This article is truly courageous. Thank you.

  • paulaj

    I’m with you on everything but this one, nit-picky- but highly important point, bin Laden was NOT a child of God. He was God’s creation. He was dearly loved by God (“for God so loved the WORLD…”), but he was not God’s child. Christ was not in him. John 1:12 says “but to all who received him, to all he believed in his name, he gave the RIGHT to become children of God.” That is not to say that he may not have come to believe in his final breathing moments. There is always hope, but to say that on this earth he lived as a “fellow brother” or a “child of God” is in error.

  • Michael

    I appreciate this. I am a High School scripture teacher and we had just finished learning Jesus’ teaching on the Law from Matthew, “Turn the other cheek,” “Love your enemies and pray for those who persecute you.” When I came in that Monday and prayed for OBL, some of my students were aghast. I asked them if they thought the Gospel was a suggestion, or a way to really live…

  • Keith

    Helen, I have been struggling with something lately. I wanted you to know that the Lord lead me hear and my faith in the goodness of God has been restored. Thank you for faithfully proclaiming what is right and true. God bless you!

  • Kat

    I’m not going to judge whether he’s in heaven or hell. It doesn’t really matter to me one way or the other. It’s more beneficial and personally challenging to see Jesus in the office worker who gossips about me, the man who shot his son in the head that I’m now caring for in a hospital, than to take the stand that a man I’ve never met who reveled in and spent his entire life scheming for the mass murder of thousands is a reflection of the Christ. Celebrating his death may be wrong, but I can’t pretend either that I’m not relieved that Osama bin Laden is no longer on earth. I believe in God, and I believe that there’s a Satan. Geez, let’s hope that OBL is more a reflection of the latter than the former.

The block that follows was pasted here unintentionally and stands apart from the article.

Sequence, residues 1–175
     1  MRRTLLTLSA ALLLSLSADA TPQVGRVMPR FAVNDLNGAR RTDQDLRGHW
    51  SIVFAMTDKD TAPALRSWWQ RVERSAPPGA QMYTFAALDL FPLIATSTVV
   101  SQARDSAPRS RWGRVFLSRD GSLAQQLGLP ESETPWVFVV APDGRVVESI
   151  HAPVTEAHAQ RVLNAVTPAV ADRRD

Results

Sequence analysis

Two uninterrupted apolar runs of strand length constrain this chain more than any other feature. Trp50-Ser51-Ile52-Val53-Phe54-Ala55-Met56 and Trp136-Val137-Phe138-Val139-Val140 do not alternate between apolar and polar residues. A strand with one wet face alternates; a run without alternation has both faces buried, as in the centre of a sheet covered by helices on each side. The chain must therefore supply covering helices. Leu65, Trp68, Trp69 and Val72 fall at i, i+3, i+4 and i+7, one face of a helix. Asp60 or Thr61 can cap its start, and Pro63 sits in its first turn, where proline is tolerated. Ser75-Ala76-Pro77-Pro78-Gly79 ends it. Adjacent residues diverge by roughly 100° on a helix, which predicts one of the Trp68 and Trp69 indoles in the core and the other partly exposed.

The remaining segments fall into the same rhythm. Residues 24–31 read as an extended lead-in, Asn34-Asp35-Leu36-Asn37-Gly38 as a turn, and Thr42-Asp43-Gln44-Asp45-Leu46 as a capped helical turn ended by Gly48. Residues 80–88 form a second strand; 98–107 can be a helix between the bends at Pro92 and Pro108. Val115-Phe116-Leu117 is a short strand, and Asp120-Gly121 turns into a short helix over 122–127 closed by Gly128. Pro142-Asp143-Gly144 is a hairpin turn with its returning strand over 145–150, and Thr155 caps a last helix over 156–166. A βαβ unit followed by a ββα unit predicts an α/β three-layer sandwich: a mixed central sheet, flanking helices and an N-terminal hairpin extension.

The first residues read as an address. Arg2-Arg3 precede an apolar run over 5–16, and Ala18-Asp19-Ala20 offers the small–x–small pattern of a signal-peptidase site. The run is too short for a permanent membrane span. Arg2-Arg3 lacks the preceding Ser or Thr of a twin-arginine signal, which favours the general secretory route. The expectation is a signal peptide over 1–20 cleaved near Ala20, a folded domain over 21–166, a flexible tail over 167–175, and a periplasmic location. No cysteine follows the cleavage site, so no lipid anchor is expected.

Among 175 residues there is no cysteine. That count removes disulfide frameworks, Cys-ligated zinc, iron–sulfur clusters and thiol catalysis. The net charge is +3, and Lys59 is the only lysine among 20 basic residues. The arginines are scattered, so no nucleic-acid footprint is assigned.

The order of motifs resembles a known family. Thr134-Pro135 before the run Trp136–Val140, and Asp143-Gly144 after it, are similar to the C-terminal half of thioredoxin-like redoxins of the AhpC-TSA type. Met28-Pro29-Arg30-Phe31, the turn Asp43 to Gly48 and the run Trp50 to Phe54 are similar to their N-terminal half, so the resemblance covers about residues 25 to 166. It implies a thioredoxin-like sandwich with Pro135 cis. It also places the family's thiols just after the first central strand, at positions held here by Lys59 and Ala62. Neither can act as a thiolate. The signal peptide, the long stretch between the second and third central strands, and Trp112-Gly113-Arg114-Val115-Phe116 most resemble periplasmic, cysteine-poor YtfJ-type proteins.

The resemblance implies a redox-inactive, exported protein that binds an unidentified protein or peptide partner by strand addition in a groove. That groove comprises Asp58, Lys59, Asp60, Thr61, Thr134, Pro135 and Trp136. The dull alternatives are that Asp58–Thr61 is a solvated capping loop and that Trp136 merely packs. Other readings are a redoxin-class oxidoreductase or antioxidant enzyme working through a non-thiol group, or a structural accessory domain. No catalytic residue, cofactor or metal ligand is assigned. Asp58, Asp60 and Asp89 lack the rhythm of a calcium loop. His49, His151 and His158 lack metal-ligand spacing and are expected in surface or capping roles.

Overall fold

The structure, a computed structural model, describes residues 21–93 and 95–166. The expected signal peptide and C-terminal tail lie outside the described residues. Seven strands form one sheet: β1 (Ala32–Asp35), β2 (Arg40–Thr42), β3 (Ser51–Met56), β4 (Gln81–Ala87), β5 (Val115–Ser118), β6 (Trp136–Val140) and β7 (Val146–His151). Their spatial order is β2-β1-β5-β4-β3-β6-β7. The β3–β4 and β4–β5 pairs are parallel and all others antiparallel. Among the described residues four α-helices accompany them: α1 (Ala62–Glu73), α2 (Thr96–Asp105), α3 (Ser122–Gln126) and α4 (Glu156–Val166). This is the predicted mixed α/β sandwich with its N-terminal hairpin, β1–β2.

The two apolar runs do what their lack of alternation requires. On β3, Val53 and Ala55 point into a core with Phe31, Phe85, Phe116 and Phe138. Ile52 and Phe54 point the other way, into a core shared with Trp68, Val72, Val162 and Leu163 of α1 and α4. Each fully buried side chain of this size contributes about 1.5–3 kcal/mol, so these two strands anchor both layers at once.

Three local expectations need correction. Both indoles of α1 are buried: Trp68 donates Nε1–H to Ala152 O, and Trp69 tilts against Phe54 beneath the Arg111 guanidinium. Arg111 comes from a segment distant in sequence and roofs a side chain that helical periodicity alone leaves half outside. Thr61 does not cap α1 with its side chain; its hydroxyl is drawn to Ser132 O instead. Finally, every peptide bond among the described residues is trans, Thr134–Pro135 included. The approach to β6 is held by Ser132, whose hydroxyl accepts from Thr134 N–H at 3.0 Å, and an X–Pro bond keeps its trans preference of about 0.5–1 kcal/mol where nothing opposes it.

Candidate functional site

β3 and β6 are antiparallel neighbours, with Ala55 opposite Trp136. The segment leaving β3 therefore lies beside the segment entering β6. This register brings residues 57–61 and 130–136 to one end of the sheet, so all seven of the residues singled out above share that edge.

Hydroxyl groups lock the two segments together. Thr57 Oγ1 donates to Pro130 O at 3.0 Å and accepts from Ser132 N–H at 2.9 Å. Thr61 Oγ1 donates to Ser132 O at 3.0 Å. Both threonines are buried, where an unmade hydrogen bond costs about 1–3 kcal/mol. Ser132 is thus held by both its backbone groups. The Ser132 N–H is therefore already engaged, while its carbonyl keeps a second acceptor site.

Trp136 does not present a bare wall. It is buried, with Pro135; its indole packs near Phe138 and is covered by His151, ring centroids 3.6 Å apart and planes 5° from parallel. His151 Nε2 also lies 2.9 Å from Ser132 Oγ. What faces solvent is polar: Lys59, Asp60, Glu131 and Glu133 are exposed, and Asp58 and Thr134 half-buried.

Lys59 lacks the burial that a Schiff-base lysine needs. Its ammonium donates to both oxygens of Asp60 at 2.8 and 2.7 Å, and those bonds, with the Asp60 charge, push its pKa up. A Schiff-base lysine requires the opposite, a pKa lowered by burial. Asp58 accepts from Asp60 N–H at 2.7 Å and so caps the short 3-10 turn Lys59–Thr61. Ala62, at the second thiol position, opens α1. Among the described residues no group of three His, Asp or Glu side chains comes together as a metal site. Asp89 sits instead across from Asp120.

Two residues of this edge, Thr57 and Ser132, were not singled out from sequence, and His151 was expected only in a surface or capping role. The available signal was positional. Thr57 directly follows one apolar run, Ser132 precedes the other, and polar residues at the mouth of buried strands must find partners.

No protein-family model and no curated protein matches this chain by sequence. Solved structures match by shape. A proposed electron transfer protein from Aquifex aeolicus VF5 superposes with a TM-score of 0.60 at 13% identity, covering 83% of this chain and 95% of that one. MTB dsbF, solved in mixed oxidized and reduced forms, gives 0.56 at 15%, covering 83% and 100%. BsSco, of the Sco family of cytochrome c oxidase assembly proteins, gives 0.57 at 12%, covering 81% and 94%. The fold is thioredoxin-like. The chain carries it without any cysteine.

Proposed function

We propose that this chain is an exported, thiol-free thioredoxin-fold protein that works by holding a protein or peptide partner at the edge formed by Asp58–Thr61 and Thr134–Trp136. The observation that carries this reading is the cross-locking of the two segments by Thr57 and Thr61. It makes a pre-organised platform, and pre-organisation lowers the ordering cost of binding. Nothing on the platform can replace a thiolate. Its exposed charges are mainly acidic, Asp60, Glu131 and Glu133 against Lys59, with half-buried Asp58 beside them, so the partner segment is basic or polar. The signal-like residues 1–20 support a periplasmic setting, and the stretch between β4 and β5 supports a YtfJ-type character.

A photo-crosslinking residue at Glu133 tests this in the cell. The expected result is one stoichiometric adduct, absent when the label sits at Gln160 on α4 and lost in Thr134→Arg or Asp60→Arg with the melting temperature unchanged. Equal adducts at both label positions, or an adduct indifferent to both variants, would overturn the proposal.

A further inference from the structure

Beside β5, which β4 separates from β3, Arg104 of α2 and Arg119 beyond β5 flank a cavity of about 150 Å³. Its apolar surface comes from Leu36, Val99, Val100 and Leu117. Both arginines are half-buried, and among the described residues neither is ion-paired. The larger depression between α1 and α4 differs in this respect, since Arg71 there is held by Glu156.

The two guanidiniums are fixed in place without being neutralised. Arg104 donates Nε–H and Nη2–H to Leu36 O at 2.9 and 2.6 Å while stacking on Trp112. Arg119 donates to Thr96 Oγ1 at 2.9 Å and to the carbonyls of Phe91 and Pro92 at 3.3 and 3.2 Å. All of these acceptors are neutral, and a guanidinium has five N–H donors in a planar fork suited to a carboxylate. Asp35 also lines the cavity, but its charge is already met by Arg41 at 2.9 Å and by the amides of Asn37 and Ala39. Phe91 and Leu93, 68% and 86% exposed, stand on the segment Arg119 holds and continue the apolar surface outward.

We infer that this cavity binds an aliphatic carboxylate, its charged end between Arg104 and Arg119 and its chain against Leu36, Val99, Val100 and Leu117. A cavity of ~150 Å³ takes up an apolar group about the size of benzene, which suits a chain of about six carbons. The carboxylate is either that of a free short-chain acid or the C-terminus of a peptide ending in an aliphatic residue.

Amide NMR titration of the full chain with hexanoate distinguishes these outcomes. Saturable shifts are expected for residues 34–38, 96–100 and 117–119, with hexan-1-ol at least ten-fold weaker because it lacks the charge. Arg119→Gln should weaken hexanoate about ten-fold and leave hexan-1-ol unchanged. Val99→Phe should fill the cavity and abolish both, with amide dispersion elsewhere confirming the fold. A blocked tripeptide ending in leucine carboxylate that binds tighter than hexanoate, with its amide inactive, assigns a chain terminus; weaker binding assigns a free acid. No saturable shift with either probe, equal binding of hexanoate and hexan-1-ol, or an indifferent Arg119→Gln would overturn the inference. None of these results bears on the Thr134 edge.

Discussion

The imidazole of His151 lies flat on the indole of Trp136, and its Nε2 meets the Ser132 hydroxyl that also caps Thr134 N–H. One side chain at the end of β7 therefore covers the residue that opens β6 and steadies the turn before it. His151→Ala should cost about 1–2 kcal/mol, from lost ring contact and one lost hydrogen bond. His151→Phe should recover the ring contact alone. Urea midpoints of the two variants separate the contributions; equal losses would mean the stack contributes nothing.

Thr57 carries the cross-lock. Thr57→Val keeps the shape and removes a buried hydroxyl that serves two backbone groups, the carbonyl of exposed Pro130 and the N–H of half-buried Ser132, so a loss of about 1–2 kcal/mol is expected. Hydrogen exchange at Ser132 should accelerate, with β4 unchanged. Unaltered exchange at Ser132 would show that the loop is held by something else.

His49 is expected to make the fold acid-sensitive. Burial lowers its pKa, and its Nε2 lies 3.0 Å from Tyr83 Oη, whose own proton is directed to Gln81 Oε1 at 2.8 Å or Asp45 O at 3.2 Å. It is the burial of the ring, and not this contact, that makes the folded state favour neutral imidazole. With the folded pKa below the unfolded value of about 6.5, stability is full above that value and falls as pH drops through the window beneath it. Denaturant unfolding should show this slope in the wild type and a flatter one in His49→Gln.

• Kevin K

    great article. I wish everyone used God’s gift of mercy as freely as you.

  • Gaby

    Great article. I’m a student at Catholic university, and hundreds of students tromped around campus cheering and singing and celebrating his death. Maybe they were caught up in the moment, and maybe not all of them were practicing Catholics who remember that we can’t rejoice in anyone’s death ever, but the celebration was not an appropriate response. A Facebook friend of mine got a lot of crap for posting a status that said he would not rejoice in the event at all.

  • Adam

    A wonderful article and a beautiful view. My first reaction to hearing of Bin Laden’s death was to say a Hail Mary that he is at peace. He was a terrible human, but a human nonetheless.

  • Leah Dalton

    Beautifully written, Helen. I share the opinion that we should not forget that bin Laden is a child of God, just as each of us are. While I dislike his actions and his point of view as we Americans understand it, he deserves all the forgiveness that Christ’s death offers.

  • James Leo Oliver

    It takes a lot of courage to write as you did. It is a truth we do not want to deal with. It calls us to forgiveness and there is no way around it. Jesus forgave all who inflicted suffering and death upon him. We are commanded by him to do the same. Thank you for your honesty and fearlessness.